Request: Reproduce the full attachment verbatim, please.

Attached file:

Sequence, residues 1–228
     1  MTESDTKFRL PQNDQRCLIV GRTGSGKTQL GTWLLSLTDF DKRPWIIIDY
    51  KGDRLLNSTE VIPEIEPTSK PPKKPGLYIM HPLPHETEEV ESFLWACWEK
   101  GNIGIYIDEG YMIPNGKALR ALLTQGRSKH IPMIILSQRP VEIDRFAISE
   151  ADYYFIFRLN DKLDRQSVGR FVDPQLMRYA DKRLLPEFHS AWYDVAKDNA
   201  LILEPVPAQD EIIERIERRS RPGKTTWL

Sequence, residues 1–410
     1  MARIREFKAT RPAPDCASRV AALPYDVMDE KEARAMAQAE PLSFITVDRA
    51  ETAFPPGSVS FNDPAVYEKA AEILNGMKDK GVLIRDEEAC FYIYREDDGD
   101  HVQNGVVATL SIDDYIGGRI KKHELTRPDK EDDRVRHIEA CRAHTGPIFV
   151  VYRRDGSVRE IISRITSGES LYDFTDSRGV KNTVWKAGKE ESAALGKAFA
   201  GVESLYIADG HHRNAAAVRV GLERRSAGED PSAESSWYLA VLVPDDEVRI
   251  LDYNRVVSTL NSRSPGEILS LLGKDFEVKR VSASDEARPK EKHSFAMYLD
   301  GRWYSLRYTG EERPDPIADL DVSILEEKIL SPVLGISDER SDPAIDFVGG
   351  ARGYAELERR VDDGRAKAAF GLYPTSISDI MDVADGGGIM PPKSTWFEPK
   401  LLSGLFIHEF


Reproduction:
Sequence, residues 1–228
     1  MTESDTKFRL PQNDQRCLIV GRTGSGKTQL GTWLLSLTDF DKRPWIIIDY
    51  KGDRLLNSTE VIPEIEPTSK PPKKPGLYIM HPLPHETEEV ESFLWACWEK
   101  GNIGIYIDEG YMIPNGKALR ALLTQGRSKH IPMIILSQRP VEIDRFAISE
   151  ADYYFIFRLN DKLDRQSVGR FVDPQLMRYA DKRLLPEFHS AWYDVAKDNA
   201  LILEPVPAQD EIIERIERRS RPGKTTWL

Sequence, residues 1–410
     1  MARIREFKAT RPAPDCASRV AALPYDVMDE KEARAMAQAE PLSFITVDRA
    51  ETAFPPGSVS FNDPAVYEKA AEILNGMKDK GVLIRDEEAC FYIYREDDGD
   101  HVQNGVVATL SIDDYIGGRI KKHELTRPDK EDDRVRHIEA CRAHTGPIFV
   151  VYRRDGSVRE IISRITSGES LYDFTDSRGV KNTVWKAGKE ESAALGKAFA
   201  GVESLYIADG HHRNAAAVRV GLERRSAGED PSAESSWYLA VLVPDDEVRI
   251  LDYNRVVSTL NSRSPGEILS LLGKDFEVKR VSASDEARPK EKHSFAMYLD
   301  GRWYSLRYTG EERPDPIADL DVSILEEKIL SPVLGISDER SDPAIDFVGG
   351  ARGYAELERR VDDGRAKAAF GLYPTSISDI MDVADGGGIM PPKSTWFEPK
   401  LLSGLFIHEF